Comment Re:Something tells me... (Score 2) 109

You might want to read up on a guy called Cecil Rhodes for a more realistic picture of the Victorian version of a "military industrial complex" that created an empire where "the sun never set". The english used the railway to open up and conquer both India and Africa, much of the infrastructure they built is still in use today. Their "agenda" was simply - build more railways and exterminate anyone who objects, the US did the same thing within its own borders.

Comment Re:Just makes them look even more guilty (Score 2) 319

Big bird here, VW has tens of thousands of employees and hundreds of thousands of small investors who had fuck all to do with this. Sure, vigorously pursue and punish the people who were knowingly involved, but for fuck's sake leave the rest of them alone to get on with their lives.

Comment Both claims are "true" (Score 1) 315

I've lived in Oz for over 50yrs, I had to google the question out of sheer curiosity, turns out you and the GP are both correct, the law only affects cards issued in Australia, I assume yours were issued in the US?

BTW: Hope you enjoyed your visit, Melbourne to Brisbane via the coast is still one of the world's great road trips, I've lost count of the number of times I've done it, first time was 1966 in the back seat of Dad's bright red VW beetle, it's changed quite a bit since then, hell of a lot more people and cars now. For any tourist, Oz is a hell of a long plane trip away, I don't understand (english speaking) tourists who come all the way to Oz and then don't leave the city they landed in??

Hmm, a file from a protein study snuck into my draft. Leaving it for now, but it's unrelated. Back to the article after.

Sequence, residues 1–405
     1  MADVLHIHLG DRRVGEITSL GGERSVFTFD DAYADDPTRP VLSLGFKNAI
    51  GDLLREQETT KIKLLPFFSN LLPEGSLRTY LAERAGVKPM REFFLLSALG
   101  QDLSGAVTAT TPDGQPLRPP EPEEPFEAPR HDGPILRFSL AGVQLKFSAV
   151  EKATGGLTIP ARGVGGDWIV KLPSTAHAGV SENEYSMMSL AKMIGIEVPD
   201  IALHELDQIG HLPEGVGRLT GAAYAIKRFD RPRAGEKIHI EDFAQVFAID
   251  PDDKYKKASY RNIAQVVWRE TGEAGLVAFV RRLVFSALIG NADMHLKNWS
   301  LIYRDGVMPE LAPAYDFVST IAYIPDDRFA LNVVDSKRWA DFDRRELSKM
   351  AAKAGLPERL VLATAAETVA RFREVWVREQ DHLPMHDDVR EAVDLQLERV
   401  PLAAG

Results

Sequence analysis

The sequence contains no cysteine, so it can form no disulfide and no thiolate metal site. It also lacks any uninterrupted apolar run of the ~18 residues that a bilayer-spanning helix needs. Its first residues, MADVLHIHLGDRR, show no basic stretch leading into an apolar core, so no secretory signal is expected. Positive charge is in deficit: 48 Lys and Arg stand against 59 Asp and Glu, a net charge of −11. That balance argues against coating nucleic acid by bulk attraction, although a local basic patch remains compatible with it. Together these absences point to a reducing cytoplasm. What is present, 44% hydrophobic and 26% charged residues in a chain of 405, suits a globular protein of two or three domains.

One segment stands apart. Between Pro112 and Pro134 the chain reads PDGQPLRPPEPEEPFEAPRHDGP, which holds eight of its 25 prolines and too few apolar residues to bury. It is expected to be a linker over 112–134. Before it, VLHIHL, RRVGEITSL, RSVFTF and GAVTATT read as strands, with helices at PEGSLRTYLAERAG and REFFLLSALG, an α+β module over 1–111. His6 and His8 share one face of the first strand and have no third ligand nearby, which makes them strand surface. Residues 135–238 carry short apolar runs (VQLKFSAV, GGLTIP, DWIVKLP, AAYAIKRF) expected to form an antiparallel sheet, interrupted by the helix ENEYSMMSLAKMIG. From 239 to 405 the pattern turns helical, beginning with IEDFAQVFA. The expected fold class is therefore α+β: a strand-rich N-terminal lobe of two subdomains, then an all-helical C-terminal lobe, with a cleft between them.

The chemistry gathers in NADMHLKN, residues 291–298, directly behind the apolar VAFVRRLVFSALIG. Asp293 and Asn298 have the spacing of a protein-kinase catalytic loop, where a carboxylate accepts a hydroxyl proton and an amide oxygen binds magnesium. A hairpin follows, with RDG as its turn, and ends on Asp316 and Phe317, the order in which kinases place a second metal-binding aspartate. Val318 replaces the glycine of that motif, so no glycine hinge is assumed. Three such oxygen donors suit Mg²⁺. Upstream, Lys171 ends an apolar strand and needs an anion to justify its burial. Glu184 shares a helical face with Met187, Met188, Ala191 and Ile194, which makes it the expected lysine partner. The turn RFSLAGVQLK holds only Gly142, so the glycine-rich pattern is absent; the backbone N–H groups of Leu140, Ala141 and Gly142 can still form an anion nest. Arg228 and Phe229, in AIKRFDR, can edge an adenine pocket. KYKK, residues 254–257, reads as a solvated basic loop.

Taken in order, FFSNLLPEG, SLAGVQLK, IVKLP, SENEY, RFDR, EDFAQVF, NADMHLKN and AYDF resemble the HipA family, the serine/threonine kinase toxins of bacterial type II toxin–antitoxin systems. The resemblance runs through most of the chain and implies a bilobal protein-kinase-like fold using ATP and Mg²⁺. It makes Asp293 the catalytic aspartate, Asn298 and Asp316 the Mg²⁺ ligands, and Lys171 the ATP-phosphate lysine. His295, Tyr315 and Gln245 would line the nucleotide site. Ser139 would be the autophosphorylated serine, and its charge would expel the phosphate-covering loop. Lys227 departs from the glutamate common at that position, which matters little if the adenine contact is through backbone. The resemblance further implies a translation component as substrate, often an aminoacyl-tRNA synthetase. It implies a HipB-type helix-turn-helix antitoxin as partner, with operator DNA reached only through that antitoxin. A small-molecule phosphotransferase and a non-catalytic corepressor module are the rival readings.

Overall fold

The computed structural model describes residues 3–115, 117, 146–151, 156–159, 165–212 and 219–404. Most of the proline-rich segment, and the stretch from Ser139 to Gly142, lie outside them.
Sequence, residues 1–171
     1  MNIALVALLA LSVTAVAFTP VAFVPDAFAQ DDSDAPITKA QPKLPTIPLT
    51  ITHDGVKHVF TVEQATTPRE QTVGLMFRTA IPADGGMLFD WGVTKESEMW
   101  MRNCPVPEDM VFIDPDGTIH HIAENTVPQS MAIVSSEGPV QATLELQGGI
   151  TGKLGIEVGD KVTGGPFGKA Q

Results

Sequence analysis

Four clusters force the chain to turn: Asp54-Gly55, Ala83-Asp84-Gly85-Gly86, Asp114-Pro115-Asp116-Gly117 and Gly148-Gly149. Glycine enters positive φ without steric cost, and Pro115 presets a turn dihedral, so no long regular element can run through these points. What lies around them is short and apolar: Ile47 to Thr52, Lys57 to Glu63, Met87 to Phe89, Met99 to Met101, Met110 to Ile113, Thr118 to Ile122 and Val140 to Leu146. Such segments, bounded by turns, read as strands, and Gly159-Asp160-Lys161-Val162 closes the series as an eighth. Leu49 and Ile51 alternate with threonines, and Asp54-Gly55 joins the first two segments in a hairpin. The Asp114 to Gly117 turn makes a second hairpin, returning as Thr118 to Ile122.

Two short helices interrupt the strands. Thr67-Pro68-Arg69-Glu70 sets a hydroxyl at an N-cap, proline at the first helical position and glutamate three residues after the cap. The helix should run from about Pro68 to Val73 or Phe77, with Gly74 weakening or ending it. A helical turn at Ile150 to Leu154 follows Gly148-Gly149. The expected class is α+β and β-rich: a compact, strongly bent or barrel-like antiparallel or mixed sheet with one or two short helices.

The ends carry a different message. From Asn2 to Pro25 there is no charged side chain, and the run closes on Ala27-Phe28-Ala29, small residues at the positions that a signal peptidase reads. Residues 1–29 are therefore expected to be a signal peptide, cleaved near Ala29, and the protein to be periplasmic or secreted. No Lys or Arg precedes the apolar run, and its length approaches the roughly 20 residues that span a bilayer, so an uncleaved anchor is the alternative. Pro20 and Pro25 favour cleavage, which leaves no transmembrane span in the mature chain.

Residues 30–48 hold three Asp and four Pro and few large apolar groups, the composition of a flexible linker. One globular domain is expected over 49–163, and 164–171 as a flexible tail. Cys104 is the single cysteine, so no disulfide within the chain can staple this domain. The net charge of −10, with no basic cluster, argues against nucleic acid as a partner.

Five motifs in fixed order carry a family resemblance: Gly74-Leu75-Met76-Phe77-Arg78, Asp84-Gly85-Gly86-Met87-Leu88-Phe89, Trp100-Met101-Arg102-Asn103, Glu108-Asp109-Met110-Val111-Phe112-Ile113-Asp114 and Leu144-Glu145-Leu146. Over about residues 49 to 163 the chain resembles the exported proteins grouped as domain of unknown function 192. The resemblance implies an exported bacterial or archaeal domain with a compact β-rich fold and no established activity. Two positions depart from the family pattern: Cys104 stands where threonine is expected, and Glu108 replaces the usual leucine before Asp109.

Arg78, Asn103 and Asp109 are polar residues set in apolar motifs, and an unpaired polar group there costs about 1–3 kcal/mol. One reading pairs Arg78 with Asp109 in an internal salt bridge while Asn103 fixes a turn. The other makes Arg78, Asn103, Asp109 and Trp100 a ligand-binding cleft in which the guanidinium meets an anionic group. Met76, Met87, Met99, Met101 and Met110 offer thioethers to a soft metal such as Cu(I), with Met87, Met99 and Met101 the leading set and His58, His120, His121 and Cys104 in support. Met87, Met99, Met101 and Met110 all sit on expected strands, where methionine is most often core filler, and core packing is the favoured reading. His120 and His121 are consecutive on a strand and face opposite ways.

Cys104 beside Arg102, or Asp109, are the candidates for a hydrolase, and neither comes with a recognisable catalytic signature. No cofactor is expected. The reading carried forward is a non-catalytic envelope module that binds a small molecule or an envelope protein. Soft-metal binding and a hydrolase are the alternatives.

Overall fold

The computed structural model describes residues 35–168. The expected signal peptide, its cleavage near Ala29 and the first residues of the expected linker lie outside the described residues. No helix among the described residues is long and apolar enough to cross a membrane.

Comment Re:Only if you use App Cards with APPS! (Score 1) 315

I don't think the old cards have been used here in Oz for a while now, haven't seen one in years, my own cards have been chip and pin for over a decade. Doesn't matter if you swipe or insert the card, you still require a pin. "Pay wave" is the latest thing, you just wave the card over the reader like an office entry card no pin or signature required, works for purchases up to $100. If you have had a few drinks, don't let the bar staff wave it for you!!!! There is no phone call required to activate the card, it comes in the mail, pin comes separately in the mail on a different day, the card is automatically activated when the old one expires.

If the lights go out businesses can still use the old paper imprint method - at their own risk!

Comment Re: Without government... (Score 1) 466

Do you seriously believe someone should do the murdering and burying for you?

Yep, I've seen a lot of mafia movies, and I have "dug ditches" for a living as a young bloke. Digging your own grave looks like hard yakka to me, so fuck it, just shoot me, I'm not going to work for you at gunpoint.